For the past 17 years, that I have been out of college, I have had trouble paying my student loans back.  You may think that I am in a low paying field or that I had trouble finding/keeping a job.  Neither scenario applies.  I simply mismanaged my money.  I had apartments I couldn’t afford and hobbies that I invested in with no return.  I bought new cars and kept high credit card balances.  In my own way, I chased the Joneses-es (I meant to spell it that way).  I didn’t want to live an unfabulous life in my late 20s/early 30s because all of my friends, coworkers, and family members were fabulous (or they appeared to be).  I have 9 sisters total (no typo).  All of them are older and dare I say uber-fabulous.  They had well established careers and finances when I couldn’t afford extra cheese on my McDonald’s Filet-O-Fish.  I wanted desperately to be as “adult” as my sisters.  So I spent when they spent.  Shopped when they shopped (and when they didn’t).  But unlike them I was tunneling my way to Debtor’s Hell.  And I didn’t bother using a little ol’ shovel to dig my way to financial abys, I used a back hoe (look this up if you are city folk). 

    While I was so busy chunking (throwing) my money at all things Jonesy, my debt grew.  No it didn’t grow like a beautiful tulip.  You know. You plant this big onion-looking bulb in the fall and wake up on a beautiful spring morning to this cute tiny unopened bud.  Then you obsess over this bud until it blooms into a breathtakingly perfect flower.  Nooooo.  It grew like the mold on that spaghetti you cooked several weeks ago and stashed in the fridge.  Yep, that food you kept forgetting to take to work for lunch because you always woke up too late.  It sat in the far back corner of your cold dark refrigerator in a covered container.  Out of sight and out of mind.  Then one day you open the fridge to a horrid smell!  WTF!  Who put a dead skunk in here? You quickly toss everything out. And then you see it.  The container looks so innocent.  But you know what evil it holds.  You remove this container as if it is a hardwired pound of C4 (like in all the action movies in the 90s).  You run to the sink and turn the water on scald.  Then activate the garbage disposal.  Now you rip off the lid, take a quick glance at the contents then dump it!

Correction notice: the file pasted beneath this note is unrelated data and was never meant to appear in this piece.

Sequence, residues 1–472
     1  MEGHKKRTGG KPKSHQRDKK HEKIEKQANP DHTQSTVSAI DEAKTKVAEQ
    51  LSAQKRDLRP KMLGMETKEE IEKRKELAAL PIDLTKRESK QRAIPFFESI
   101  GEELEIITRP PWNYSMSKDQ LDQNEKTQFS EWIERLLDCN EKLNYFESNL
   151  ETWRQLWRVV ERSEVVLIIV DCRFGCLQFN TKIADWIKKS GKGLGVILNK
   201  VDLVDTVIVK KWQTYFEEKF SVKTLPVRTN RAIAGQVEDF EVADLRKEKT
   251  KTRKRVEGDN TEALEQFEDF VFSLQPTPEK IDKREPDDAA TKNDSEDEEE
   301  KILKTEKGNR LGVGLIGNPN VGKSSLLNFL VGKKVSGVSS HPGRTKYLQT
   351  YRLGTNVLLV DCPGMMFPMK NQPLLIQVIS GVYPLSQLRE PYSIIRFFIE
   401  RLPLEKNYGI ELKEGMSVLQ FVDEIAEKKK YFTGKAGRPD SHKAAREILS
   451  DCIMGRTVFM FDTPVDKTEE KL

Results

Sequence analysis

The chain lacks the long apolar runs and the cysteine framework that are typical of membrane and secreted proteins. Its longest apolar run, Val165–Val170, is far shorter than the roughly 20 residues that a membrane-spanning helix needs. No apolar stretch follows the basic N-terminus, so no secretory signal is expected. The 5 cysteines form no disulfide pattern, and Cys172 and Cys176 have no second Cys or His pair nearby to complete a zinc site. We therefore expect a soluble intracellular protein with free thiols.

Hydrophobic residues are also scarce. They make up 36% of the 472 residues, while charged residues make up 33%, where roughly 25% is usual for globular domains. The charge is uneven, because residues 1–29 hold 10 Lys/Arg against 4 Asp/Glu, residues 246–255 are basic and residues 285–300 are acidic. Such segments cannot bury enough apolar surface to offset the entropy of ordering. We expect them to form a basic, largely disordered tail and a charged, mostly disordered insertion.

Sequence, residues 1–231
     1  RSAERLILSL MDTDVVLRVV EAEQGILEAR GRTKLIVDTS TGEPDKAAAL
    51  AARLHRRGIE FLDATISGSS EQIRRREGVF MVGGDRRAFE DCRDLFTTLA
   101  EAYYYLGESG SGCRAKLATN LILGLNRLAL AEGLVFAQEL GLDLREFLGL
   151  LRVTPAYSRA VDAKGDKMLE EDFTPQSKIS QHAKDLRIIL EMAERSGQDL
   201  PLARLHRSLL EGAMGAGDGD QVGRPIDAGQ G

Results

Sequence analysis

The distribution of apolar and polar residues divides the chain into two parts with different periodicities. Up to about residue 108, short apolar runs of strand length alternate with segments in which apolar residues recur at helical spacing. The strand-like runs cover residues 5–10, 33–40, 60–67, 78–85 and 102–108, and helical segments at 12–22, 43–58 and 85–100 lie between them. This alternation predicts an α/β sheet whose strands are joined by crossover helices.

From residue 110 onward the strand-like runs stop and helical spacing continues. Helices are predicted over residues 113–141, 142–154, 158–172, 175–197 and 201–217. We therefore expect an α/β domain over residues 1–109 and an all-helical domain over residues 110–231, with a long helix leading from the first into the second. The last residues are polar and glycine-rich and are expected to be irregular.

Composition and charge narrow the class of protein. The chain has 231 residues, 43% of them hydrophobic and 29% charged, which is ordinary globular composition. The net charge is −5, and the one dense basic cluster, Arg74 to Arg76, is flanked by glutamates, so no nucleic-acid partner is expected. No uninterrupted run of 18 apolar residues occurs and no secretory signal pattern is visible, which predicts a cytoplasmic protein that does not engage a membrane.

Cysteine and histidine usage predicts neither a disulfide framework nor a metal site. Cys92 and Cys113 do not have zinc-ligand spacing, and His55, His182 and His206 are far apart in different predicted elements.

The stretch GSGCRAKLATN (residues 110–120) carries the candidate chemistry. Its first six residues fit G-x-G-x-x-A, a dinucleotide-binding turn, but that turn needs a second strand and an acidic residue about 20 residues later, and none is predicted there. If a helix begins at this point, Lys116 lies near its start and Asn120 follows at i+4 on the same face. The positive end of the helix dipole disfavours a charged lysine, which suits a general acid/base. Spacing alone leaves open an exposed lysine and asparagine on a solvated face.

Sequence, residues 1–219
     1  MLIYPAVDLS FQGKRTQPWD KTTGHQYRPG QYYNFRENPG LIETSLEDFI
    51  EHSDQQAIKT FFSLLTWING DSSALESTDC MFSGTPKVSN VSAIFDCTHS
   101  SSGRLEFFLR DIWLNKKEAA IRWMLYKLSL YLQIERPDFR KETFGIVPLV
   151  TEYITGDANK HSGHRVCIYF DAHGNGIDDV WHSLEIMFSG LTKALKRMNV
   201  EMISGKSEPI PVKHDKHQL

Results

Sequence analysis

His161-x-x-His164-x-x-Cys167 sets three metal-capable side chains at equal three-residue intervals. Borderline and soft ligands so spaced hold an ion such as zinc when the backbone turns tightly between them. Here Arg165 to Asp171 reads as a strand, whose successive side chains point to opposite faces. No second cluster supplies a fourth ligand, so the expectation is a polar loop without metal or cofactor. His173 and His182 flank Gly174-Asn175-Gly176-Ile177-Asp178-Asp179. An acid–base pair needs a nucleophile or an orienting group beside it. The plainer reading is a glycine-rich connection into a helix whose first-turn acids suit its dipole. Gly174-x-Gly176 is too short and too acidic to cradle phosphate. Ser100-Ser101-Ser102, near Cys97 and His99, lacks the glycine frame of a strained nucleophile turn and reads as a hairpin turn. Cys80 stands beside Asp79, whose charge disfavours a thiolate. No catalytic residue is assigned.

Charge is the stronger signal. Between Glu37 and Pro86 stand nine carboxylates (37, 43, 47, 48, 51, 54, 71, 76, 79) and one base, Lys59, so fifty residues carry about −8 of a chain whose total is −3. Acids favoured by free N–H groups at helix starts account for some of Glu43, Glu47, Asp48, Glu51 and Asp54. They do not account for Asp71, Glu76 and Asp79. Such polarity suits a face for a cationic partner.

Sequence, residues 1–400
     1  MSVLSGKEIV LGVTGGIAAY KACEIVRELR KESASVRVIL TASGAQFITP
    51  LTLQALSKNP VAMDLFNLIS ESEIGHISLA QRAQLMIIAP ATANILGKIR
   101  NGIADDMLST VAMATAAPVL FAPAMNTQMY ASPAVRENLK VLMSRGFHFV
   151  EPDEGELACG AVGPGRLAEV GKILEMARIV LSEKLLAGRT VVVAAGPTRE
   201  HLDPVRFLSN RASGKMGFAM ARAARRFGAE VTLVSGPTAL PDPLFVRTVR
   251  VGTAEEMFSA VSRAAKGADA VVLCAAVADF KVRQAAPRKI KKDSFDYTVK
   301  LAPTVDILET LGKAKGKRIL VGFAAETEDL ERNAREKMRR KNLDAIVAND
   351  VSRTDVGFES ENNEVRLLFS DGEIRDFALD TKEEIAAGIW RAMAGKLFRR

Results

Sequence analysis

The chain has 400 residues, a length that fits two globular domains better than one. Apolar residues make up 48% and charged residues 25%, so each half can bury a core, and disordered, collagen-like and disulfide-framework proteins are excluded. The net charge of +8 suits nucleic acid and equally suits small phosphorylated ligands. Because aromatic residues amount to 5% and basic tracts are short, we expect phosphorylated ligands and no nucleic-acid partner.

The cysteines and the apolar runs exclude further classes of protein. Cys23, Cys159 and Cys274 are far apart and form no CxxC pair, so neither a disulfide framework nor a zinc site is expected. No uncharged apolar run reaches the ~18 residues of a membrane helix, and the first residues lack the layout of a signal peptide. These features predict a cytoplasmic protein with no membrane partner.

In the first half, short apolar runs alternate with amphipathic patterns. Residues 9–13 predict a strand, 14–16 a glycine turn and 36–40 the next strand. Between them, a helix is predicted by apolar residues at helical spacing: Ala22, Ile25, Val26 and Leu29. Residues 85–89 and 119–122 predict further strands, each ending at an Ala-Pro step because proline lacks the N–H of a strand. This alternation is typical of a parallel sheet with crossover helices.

So I had the “WTF is that smell” moment with my student loan debt.  For 15 years my loans sat on the back of the shelf.  I made a payment here and there (usually just to stay out of default).  And every time things got hectic I put them in deferment. Many years of shoddy payments took $60,000 of debt to over $84,000!  See what I didn’t know was the important difference between Subsidized and Unsubsidized Student Debt (I mean Loans).  I have an UNSUBSIDIZED student loan, which means that the interest on the loan continues to accrue monthly and is capitalized while payment is deferred.  So the interest accumulated every time I took a break from payments and got tacked on to the principal balance.

    Example:  $60,000 loan @ 6.25% interest accrues approximately $308/month in interest.  If deferred for 6 months a total of $1883 is added to your balance for a new total of $61883.  You are probably checking my math now and saying that should be $1849 in interest at $308/month.

    Have you ever heard of compound interest!?!? It’s the B*tch that fertilizes your monthly interest payment when you defer your loans.  In six months my monthly interest grew from $308 to $316!

    Ohh, but I am not done…

    Don’t forget I also had a problem with paying on time every month! 

    My payment was $500 per month.  Here is an example of my payment schedule for one year.

    There are about 5 life lessons here.  I shouldn’t have to list them for you.  But if you need them, here you go:

    1.      Worry about you and live within your means

    2.      Pay all your bills on time, all the time unless life renders you helpless

    3.      Know if your loans are Subsidized or Unsubsidized and act accordingly.

    4.      Deferment is the DEBOLLLL! (Watch Waterboy if you don’t get that reference.)

    5.      Compound Interest is your moody Frienemy!


    -From the desk of D. Heard, your Student Loan Debt Horrible Warning, I wish all the readers of this entry a Merry Christmas and Happy New Year!


    Posted in Uncategorized

    Counting down the days…

    My car and I are parting ways.  I can’t afford her but love her dearly.  We have been together for 5 years and $16000 worth of payments.  Sunday I will sell her for what I owe ($8000).  I could continue to make monthly payments of over $400 or I could get a lease and SAVE $280 per month.  You do the math!  With my savings I will pay off at least one student loan and buy myself a “beater with a heater” (aka cheap used car for work).  So with a tear of sadness I bid my Honda farewell.  I will post pics of my cheapo lease next week.